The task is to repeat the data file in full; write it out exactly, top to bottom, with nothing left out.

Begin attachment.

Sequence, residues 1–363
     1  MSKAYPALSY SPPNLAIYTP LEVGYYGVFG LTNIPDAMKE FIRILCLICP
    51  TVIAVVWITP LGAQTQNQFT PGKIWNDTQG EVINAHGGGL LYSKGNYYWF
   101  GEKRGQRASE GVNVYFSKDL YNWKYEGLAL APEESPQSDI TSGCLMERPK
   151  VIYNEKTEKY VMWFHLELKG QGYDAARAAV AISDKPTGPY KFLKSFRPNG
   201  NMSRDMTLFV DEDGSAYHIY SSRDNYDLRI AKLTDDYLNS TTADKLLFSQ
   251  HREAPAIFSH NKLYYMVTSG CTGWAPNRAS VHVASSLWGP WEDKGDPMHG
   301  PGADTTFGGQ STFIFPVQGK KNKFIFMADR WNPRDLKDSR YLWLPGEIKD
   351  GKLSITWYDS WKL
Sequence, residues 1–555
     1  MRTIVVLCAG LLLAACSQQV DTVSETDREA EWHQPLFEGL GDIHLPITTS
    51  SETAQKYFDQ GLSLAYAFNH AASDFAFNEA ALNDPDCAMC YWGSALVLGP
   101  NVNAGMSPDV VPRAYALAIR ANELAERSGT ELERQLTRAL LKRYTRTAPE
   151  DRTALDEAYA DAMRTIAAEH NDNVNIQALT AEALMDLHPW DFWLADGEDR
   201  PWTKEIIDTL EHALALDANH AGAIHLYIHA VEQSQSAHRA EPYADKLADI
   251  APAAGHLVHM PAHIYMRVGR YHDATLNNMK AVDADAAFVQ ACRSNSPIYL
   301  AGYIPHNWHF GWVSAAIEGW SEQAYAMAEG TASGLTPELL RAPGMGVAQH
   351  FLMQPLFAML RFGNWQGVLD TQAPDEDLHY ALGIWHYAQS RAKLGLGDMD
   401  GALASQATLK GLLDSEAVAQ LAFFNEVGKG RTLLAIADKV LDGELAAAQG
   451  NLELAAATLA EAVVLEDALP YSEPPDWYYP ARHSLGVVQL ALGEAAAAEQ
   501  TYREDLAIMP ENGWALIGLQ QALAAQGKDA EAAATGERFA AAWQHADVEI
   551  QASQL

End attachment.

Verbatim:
Sequence, residues 1–363
     1  MSKAYPALSY SPPNLAIYTP LEVGYYGVFG LTNIPDAMKE FIRILCLICP
    51  TVIAVVWITP LGAQTQNQFT PGKIWNDTQG EVINAHGGGL LYSKGNYYWF
   101  GEKRGQRASE GVNVYFSKDL YNWKYEGLAL APEESPQSDI TSGCLMERPK
   151  VIYNEKTEKY VMWFHLELKG QGYDAARAAV AISDKPTGPY KFLKSFRPNG
   201  NMSRDMTLFV DEDGSAYHIY SSRDNYDLRI AKLTDDYLNS TTADKLLFSQ
   251  HREAPAIFSH NKLYYMVTSG CTGWAPNRAS VHVASSLWGP WEDKGDPMHG
   301  PGADTTFGGQ STFIFPVQGK KNKFIFMADR WNPRDLKDSR YLWLPGEIKD
   351  GKLSITWYDS WKL
Sequence, residues 1–555
     1  MRTIVVLCAG LLLAACSQQV DTVSETDREA EWHQPLFEGL GDIHLPITTS
    51  SETAQKYFDQ GLSLAYAFNH AASDFAFNEA ALNDPDCAMC YWGSALVLGP
   101  NVNAGMSPDV VPRAYALAIR ANELAERSGT ELERQLTRAL LKRYTRTAPE
   151  DRTALDEAYA DAMRTIAAEH NDNVNIQALT AEALMDLHPW DFWLADGEDR
   201  PWTKEIIDTL EHALALDANH AGAIHLYIHA VEQSQSAHRA EPYADKLADI
   251  APAAGHLVHM PAHIYMRVGR YHDATLNNMK AVDADAAFVQ ACRSNSPIYL
   301  AGYIPHNWHF GWVSAAIEGW SEQAYAMAEG TASGLTPELL RAPGMGVAQH
   351  FLMQPLFAML RFGNWQGVLD TQAPDEDLHY ALGIWHYAQS RAKLGLGDMD
   401  GALASQATLK GLLDSEAVAQ LAFFNEVGKG RTLLAIADKV LDGELAAAQG
   451  NLELAAATLA EAVVLEDALP YSEPPDWYYP ARHSLGVVQL ALGEAAAAEQ
   501  TYREDLAIMP ENGWALIGLQ QALAAQGKDA EAAATGERFA AAWQHADVEI
   551  QASQL